I’m FINALLY, FINALLY realizing this.

So instead of continuing to beat myself up over my reserved nature in large groups, I need to focus on what I’m good at and find ways to emphasize that. My strength as an athlete and as a runner has always been my willingness to prepare. I know that I will not arrive at a starting line ready to succeed unless I have put the work in. I’ve NEVER been the type who shows up after a long layoff or lazy period and magically grits my teeth to produce a “fire-and-brimstone” fantastic time trial or race.

Same thing in academic settings. I’ve always been good at going home, digesting the information, studying it, analyzing it, and then pulling it all together on paper in a way you could never get me to do out loud on the spot when I’m surrounded by a bunch of mouthy seem-to-know-it-all extroverts. I just need time by myself to put in the work first.

I’ve gone to a few group runs here in Philly and at the last one we took off at or under 7:00 pace. In the first few minutes, I found myself kind of panicking and wondering if I could even hold that pace. But I got ahold of myself. I settled in. Took a breath. Focused on my stride, my footfalls, the familiar things I know how to do. And as I fell into step behind the other runners still wondering whether or not this was too much for me, the answer popped into my head: You can hang with these guys. You belong. 

Feedback revisited


That post I wrote a few weeks ago about hating too much feedback? I still stand by those sentiments. But it doesn’t mean I don’t like a little bit of feedback every so often, especially when it’s positive. (You know when the feedback is negative I just want to delete it or stick my fingers in my ears and pretend it doesn’t exist. Yes, we’re still talking about running.)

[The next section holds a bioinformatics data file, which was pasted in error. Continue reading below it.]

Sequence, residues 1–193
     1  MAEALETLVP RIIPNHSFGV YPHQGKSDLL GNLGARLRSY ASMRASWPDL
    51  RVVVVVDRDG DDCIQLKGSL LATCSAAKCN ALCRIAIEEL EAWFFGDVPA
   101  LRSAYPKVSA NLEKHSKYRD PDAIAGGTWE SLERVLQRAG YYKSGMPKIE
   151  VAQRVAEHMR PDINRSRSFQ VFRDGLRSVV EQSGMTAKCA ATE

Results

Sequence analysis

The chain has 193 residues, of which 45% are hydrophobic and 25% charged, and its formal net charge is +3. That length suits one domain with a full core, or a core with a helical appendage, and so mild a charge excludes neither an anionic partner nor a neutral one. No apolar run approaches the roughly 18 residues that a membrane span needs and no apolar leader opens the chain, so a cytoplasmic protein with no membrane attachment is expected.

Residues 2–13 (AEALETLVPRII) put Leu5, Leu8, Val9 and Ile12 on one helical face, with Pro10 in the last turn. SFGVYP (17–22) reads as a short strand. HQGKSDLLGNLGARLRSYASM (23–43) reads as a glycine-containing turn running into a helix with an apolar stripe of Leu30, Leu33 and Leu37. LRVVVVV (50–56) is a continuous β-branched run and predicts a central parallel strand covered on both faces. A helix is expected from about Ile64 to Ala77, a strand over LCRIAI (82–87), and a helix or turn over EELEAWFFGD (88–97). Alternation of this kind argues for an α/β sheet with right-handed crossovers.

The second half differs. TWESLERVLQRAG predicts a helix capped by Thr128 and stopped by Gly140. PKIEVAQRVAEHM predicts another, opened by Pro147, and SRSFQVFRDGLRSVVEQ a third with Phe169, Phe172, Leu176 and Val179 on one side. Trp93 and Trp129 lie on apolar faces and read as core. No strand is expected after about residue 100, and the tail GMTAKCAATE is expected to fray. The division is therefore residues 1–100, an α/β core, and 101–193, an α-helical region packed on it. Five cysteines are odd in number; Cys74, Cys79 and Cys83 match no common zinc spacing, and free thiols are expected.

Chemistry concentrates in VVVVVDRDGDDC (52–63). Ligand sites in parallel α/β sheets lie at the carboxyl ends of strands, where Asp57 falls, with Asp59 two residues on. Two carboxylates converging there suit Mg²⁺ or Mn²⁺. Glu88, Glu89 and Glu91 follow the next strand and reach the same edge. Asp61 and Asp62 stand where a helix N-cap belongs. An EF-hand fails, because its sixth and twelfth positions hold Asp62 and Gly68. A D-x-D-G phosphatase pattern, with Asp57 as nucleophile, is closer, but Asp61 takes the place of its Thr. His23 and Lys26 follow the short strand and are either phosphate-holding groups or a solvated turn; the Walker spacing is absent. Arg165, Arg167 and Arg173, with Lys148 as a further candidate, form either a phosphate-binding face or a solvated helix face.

In any case, the feedback was good today (…and since I’m trying to post more than once a month, I’m going to share).

This afternoon, I wanted to get in one more go-round of my favorite 9-mile loop before moving on to new running turf in a few days, and I wanted it to be at some sort of tempo effort. Since an even-paced tempo sounded too ambitious and I sometimes have to trick myself into speedwork, I alternated between 12 minutes of “press” with 3 minutes “cruise” (not redlining the hard part, but not phoning it in on the easy segment) and repeated this until the loop was finished. What a win; I felt like a puppy tearing through fields of daisies on my way to harass an enormous flock of migratory birds. Pure jubilance. I was just… rolling. Never laboring. I came through the just-under-halfway point in 29:30 and knew that I could close the workout down in under an hour.

Usually, I get a little bit anxious at the end of races or distance-based runs. I’ll disconnect from what I’m doing and get caught up in the finishing time. On top of this, I’ve noticed that I’ll back off the throttle if I’m already confident that I’ve got it in the bag, which is not, I suspect, a toughness-forming habit.